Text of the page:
Federal Circuit Remands Treble Damages CAse after Supreme Court DecisionAugust 9, 2016

In the Striker-Halo decision, the Supreme Court addressed the standard for awarding treble damages for patent infringement, finding the existingSeagate standard was “unduly rigid”and “impermissible encumber[ed] the statutory grant of discretion to trial courts.”In order to award treble damages, theSeagate standard required clear and convincing evidence that the infringer acted despite an objectively highly likelihood that the actions constituted infringement of a valid patent, and that the objective risk was known or should have been known to the accused infringer. The Seagate standard was rejected by the Supreme Court not only because it in effect allowed many willful infringers to avoid enhanced damages. The test’s rigid framework and heightened “clear and convincing”burden of proof was inconsistent with 35 U.S.C. ยง 284 (allowing for treble damages), as well as patent litigation in general (which primarily relies upon a preponderance of the evidence standard).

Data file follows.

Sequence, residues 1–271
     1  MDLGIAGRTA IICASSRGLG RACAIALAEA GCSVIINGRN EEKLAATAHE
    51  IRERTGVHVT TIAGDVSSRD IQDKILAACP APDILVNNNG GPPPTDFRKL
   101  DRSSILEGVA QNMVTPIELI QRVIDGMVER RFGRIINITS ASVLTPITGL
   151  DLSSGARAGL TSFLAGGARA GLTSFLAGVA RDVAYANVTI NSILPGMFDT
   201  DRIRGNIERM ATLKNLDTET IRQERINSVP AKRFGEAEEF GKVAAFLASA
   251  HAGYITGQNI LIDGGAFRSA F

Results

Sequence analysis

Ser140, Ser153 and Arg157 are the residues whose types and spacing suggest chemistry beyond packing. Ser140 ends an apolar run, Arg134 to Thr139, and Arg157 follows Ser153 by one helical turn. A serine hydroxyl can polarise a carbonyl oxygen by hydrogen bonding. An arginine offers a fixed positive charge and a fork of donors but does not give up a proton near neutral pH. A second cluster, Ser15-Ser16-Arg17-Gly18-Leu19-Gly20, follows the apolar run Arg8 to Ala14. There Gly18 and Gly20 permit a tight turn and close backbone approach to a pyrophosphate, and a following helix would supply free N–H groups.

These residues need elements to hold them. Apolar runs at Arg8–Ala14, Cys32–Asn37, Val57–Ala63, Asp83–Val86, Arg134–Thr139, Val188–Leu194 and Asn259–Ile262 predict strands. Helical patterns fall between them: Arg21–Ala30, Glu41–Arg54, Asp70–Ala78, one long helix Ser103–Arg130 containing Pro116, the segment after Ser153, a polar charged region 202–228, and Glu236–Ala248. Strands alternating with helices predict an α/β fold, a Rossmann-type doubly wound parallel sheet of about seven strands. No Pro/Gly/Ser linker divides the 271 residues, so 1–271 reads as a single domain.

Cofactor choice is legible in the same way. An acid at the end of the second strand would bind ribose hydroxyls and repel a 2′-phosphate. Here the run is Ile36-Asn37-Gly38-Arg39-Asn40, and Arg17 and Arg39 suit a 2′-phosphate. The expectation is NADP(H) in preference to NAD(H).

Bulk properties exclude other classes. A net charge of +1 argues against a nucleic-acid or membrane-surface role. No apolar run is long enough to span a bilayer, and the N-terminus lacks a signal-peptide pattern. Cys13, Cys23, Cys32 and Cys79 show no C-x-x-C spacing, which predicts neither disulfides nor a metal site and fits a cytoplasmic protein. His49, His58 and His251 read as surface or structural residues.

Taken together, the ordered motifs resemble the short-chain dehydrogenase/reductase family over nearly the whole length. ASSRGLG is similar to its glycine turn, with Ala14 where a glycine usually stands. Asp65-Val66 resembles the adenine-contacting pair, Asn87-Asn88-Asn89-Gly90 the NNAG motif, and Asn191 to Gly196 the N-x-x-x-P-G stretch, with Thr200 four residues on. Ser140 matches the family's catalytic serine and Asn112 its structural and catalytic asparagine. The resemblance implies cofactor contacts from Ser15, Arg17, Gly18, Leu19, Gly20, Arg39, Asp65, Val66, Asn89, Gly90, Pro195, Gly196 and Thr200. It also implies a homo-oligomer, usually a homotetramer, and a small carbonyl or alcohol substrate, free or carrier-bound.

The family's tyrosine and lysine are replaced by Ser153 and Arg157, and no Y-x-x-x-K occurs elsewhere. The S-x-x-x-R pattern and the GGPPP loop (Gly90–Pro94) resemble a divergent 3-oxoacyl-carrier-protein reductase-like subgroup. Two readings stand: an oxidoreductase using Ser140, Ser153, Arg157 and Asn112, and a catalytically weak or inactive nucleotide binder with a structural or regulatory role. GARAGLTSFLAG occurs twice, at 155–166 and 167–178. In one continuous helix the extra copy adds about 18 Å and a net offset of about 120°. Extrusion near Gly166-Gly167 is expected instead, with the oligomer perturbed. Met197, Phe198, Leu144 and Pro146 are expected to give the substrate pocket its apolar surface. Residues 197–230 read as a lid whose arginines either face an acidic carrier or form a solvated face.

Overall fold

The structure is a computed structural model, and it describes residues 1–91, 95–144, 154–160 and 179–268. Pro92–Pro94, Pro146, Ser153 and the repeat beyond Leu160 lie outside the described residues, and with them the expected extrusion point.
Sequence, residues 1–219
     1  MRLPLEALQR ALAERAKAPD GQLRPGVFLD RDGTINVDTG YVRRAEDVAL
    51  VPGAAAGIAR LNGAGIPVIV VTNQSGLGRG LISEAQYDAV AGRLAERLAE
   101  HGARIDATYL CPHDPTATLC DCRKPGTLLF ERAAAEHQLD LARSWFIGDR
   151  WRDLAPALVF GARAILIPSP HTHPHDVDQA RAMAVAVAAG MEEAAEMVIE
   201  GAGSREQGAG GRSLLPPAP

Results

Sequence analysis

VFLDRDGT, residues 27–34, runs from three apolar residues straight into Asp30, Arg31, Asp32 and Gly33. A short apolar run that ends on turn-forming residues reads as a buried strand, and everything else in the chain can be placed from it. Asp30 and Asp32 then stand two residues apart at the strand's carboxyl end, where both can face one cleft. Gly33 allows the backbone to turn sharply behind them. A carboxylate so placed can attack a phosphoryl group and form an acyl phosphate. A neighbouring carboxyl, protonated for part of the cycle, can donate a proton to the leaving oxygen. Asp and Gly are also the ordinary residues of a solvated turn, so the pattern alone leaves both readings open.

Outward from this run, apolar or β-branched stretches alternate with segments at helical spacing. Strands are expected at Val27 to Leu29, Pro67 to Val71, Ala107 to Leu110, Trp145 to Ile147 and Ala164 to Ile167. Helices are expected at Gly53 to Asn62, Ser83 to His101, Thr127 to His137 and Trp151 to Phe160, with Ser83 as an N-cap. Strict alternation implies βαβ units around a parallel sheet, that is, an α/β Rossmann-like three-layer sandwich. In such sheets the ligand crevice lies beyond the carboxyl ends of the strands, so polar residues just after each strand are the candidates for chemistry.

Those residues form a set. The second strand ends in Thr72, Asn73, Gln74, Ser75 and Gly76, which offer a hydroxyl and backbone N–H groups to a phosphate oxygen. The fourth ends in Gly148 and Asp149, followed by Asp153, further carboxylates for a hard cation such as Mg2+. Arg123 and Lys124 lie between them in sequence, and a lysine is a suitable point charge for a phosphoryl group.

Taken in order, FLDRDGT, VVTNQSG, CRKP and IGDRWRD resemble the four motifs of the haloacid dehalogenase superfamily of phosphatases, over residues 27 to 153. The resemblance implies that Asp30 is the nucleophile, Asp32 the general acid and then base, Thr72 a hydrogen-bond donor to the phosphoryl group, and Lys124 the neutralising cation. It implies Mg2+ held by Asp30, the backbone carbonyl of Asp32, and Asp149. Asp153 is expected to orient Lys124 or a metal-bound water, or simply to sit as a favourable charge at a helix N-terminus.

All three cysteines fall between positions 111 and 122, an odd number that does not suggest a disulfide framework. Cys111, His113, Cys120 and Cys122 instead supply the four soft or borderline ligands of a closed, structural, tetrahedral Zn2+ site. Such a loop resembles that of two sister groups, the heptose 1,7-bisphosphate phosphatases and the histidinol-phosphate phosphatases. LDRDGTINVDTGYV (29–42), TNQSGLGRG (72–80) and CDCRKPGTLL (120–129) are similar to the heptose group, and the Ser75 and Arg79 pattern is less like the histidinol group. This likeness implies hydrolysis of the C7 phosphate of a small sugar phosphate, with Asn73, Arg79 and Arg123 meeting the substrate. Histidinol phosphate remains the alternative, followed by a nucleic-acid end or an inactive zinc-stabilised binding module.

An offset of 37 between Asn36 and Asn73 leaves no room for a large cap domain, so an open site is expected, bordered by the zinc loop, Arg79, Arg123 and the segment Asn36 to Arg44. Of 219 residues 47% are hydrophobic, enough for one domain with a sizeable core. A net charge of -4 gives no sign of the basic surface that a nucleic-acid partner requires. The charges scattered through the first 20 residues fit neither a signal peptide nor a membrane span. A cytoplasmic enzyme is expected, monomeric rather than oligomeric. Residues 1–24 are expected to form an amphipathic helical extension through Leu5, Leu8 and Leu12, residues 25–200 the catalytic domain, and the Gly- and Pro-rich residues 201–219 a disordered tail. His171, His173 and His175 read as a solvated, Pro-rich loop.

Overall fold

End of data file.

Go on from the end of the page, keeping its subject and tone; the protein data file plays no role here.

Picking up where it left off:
Upon remand to the Federal Circuit, the court determined that the district court must reassess the damages award. Specifically the court noted that “[b]ecause the district court applied the Seagate test in declining to enhances damages. . . . we vacate its unenhanced damages award with respect to products that were delivered in the United States, and remand for further proceedings consistent with the Supreme Court’s opinion on enhanced damages.”On remand, the district court must decide whether, based on the jury’s subjective willfulness finding as one of several factors, an enhancement of the damages is warranted. Essentially, a finding of willfulness is an important but not dispositive factor in the assessment of whether treble damages are appropriate. In the future, it will be interesting to see how, if at all, the “factors”for awarding treble damages are developed by the Federal Circuit.

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